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Evans: Exiting jail should be a politician-free zone

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The Government decision to end politicians’ involvement in the parole process is correct.

The independent parole board should decide when a prisoner has served their time and been rehabilitated in line with the prisoner’s sentence set by an independent court, and not politicians hungry for the next vote.

Currently it is Cabinet (politicians) that decides to recommend to the Governor whether prisoners serving life sentences but due for parole should be set free or not. Tradition is that the Governor acts on Cabinet advice, so effectively the politicians decide.

The justice system provides protection to our citizens through the separation of powers and functions. The Parliament makes the laws representing community values at the time.

The police, who can’t be directed by the politicians, Ministers or Cabinet, investigate alleged breaches of the law.

The court, which can’t be directed by the politicians, Ministers or Cabinet in regards to findings or sentencing, hears the police evidence and the accused’s explanation in defence and decide if the accused is guilty.

Having decided the accused is guilty, the court, free of direction by the politicians, Ministers or Cabinet, then independently sets the sentence for the accused.

While there are opportunities for the Attorney General to appeal at certain points, in the community interest, these appeals are heard by the independent courts free of political direction as to the outcome of the appeal.

Then, having served their term as determined by the independent process, when do prisoners get set free? Well, for those sentenced to life imprisonment in South Australia, they currently get set free when the politicians (Cabinet) say so.

So the process of investigation, trial and sentencing are all free of political direction but when it comes time to get out, it all relies on political direction – Cabinet’s will – for some prisoners.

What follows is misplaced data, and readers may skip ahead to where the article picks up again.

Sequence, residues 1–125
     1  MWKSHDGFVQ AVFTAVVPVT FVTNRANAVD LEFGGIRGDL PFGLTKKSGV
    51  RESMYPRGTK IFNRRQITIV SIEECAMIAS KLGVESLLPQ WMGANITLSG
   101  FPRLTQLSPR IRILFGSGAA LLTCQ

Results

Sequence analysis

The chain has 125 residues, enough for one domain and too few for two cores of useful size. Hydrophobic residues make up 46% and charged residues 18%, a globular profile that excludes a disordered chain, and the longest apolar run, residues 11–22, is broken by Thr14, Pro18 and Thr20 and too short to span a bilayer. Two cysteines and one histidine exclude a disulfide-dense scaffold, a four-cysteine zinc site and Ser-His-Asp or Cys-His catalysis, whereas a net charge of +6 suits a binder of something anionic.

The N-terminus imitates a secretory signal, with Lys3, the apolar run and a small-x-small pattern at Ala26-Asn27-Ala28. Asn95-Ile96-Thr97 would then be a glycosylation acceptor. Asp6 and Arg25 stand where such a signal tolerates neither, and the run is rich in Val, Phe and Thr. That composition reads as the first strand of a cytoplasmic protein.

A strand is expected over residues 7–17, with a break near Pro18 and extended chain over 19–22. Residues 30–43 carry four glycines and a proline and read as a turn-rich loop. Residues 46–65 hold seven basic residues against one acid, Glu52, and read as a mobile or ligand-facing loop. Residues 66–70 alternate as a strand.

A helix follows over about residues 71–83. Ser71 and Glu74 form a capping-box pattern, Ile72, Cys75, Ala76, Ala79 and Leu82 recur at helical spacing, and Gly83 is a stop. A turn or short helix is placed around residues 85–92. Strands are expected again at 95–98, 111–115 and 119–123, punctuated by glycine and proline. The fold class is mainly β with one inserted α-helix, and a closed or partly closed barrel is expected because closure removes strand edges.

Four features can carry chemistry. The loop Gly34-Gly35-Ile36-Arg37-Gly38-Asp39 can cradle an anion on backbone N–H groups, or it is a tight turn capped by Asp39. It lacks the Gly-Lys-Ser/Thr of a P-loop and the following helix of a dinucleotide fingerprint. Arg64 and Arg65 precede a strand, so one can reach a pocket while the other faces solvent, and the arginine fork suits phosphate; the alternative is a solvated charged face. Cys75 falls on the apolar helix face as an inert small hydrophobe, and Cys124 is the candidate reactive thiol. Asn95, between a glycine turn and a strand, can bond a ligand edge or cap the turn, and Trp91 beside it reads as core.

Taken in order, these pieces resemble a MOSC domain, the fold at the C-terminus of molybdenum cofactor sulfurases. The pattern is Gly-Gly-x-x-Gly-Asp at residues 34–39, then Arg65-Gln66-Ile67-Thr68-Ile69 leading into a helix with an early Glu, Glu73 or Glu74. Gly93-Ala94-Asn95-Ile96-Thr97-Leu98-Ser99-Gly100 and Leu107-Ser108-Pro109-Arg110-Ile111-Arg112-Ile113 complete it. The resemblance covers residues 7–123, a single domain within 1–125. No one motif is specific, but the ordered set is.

What this means is that it leaves the door open for prisoners who have served their time to be used as political footballs for votes. What’s the chance of a notorious prisoner, who is eligible for parole, being released weeks before a state election?

More likely their parole rejection would be a media event because of “tough on crime politics”.

While society always has concerns about prisoners re-entering the community, that question should be left to highly trained, well-resourced independent experts on the parole board, not untrained politicians who may be chasing votes.

Think about your local MP – what do they really know about prisoner rehabilitation?

Just as entering prison is a politician-free zone, exiting prison should be the same.

The politicians’ role, through Parliament, is to make the law reflect community standards and be clear, so that the independent courts sentence and the parole board releases, according to those community standards set by Parliament.

Mistakes will happen – they happen now – but having a system that can deny people their freedom because of politics has no place in a modern society like that of South Australia.

The Government has got the policy principle right on this issue.

Iain Evans is former State Minister for Police and Corrections.

 

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